Efficacy and Safety of Adapalene 0.3%/Benzoyl Peroxide 2.5% Gel Plus Oral Doxycycline in Subjects With Severe Inflammatory Acne Who Are Candidates for Oral Isotretinoin
March 2018 | Volume 17 | Issue 3 | Original Article | 264 | Copyright © March 2018
James Q. Del Rosso DO,a Linda Stein Gold MD,b Sandra Marchese Johnson MD FAAD,c Maria Jose Rueda MD,d Hilary Baldwin MD,e Edward L. Lain MD,f Megan Landis MD,g Marta Rendon MD,8 Emil Tanghetti MD,9 and Jonathan Weiss MD10
aJDR Dermatology Research/Thomas Dermatology, Las Vegas, NV bHenry Ford Medical Center, Department of Dermatology, Detroit, MI cJohnson Dermatology, Fort Smith, AR dGalderma Laboratories, L.P., Fort Worth, TX eThe Acne Treatment and Research Center, Morristown, NJ fAustin Institute for Clinical Research, Pflugerville, TX gDermatology Specialists Research, New Albany, IN hRendon Center for Dermatology and Aesthetic Medicine, Boca Raton, FL iCenter for Dermatology and Laser Surgery, Sacramento, CA jGwinnett Clinical Research Center, Snellville, GA
INTRODUCTION: Acne treatment guidelines suggest a combination approach with topical therapy including a topical retinoid, benzoyl peroxide and an oral antibiotic, or oral isotretinoin (OI), as first-line treatment options for severe acne vulgaris (AV). This study evaluated the efficacy and safety of a daily regimen of 0.3% adapalene and 2.5% benzoyl peroxide (0.3% A/BPO) gel and oral doxycycline 100 mg twice daily in severe (nonnodulocystic, non-conglobate) inflammatory AV.
METHODS: This was a phase 4, 12-week, single-arm, openlabel, multi-center investigational study. Subjects (males and females, 12 or older, with severe inflammatory AV, Investigator Global Assessment [IGA] 4, and less than equal to 4 nodulocystic lesions, n=186) were considered OI candidates at baseline by the investigator. OI candidacy was re-evaluated at each study visit. Efficacy endpoints included inflammatory lesion (IL) reduction (week 12), IGA success (defined as IGA 0 [Clear] or 1 [Almost Clear], weeks 4, 8, and 12), percent reduction in lesions (weeks 4, 8, and 12), and subject questionnaires (week 12). Safety assessments included adverse events (AEs) and tolerability.
RESULTS: Mean IL counts were significantly reduced from baseline to the end of the study (mean [SD]; baseline, 44.8 (21.73); week 12, 14.8 (16.11); mean percent reduction, 66.2% [30.47]; P less than .0001). By week 12, 37.1% of subjects achieved IGA Success (n=69, P less than .0001). Most subjects self-reported at least moderate improvement in AV (90.2%), and were “Satisfied” or “Very Satisfied” with the study treatment overall (83.2%). 41.9% of the subjects were no longer considered by their investigator to be OI candidates at week 4. At 12 weeks, only 19.9% were still considered OI candidates.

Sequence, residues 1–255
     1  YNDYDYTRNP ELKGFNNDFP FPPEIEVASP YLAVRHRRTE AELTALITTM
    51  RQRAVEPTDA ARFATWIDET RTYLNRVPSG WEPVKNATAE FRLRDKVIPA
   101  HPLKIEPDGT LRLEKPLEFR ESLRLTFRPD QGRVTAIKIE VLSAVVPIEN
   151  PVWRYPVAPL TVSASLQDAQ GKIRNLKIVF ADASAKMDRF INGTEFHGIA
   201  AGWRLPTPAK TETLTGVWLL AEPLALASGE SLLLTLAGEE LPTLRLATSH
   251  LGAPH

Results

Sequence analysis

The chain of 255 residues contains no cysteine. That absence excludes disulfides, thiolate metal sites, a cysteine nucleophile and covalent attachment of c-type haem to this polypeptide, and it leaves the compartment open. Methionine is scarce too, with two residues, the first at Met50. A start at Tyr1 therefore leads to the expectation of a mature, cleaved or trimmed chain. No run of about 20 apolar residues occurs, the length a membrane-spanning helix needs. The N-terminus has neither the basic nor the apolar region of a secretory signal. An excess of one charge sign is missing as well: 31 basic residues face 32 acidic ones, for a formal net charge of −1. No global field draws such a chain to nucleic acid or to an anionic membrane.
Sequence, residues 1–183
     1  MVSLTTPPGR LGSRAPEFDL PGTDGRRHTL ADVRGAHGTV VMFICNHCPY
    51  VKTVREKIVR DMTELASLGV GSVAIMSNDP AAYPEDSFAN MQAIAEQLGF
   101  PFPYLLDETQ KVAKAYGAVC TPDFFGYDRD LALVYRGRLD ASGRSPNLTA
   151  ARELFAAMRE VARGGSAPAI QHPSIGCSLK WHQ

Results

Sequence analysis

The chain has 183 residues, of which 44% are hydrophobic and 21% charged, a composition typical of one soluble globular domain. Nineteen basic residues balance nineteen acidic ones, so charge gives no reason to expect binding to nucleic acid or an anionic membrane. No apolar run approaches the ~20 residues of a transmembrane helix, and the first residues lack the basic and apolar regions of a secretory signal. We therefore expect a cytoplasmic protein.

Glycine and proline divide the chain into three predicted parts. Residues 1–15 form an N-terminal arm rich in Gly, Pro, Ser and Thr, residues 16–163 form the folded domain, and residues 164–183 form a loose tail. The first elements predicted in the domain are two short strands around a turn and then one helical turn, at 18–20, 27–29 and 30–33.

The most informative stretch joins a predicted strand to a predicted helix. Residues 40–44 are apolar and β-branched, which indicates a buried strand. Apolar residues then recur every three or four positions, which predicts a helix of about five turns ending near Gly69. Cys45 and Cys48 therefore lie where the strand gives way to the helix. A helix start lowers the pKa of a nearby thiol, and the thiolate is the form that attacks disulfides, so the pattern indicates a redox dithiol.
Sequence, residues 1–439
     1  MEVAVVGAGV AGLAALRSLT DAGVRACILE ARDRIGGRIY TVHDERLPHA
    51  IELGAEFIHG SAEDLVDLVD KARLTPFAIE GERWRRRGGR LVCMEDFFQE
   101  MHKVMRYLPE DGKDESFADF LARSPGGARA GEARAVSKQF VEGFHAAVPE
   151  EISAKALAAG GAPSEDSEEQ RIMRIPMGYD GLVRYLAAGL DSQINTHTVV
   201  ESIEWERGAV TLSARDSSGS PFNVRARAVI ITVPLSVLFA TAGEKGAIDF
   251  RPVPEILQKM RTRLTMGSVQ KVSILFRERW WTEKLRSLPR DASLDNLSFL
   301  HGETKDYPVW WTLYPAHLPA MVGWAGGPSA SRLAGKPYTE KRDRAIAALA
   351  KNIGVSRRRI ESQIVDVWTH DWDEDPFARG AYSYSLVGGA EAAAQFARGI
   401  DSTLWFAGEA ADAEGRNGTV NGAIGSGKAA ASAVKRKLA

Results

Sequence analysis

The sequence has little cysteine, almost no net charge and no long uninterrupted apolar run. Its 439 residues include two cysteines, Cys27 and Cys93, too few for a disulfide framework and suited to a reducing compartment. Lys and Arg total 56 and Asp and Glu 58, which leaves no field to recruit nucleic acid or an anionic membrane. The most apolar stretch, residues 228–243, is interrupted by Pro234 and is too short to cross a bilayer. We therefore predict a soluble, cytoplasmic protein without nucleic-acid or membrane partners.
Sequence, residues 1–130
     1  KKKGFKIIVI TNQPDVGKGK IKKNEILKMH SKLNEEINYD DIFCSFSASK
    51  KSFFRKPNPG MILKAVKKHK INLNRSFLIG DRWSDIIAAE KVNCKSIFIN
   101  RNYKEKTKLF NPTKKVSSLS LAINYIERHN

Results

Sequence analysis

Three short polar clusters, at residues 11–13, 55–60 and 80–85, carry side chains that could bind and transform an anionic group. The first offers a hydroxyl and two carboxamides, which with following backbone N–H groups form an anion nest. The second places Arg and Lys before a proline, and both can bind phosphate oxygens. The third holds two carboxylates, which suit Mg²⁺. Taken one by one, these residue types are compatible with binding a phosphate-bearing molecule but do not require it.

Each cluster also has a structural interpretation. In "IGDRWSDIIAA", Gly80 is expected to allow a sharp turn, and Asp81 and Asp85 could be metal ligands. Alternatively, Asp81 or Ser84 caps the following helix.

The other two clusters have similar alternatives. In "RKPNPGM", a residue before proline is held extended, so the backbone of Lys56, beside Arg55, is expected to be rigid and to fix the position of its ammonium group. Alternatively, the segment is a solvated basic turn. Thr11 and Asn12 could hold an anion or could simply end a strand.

CONCLUSION: 0.3% A/BPO + DOX is an effective and safe treatment option for severe inflammatory AV, before starting OI treatment, or as an alternative when OI cannot be used.
ClinicalTrials.gov identifier: NCT02899000
J Drugs Dermatol. 2018;17(3):264-273.
Acne vulgaris (AV) is a common, chronic, inflammatory disorder that usually starts in early adolescence (ultimately affecting approximately 85% of adolescents); however, AV can occur at any age and persist well into adulthood.1-4 The consequences of AV may include physical (eg, skin discomfort/pain, erythema, hyperpigmentation, scarring), psychological (eg, anxiety, poor self-esteem, depression, suicidal ideation), and social repercussions (eg, avoidance of interpersonal interactions).5-10 The incidence of severe AV typically increases throughout adolescence, and the severity of both physical and psychosocial sequelae tend to increase as AV severity worsens.11,12 Thus, a need exists for efficacious, well-tolerated, and safe therapies for severe AV. Furthermore, optimal AV treatment may be delayed if affected individuals do not seek or obtain treatment appropriate for their severity of AV. Current guidelines for severe AV recommend a rational combination therapy regimen (eg, topical agents [retinoid, benzoyl peroxide] and an oral antibiotic); oral isotretinoin (OI) is also a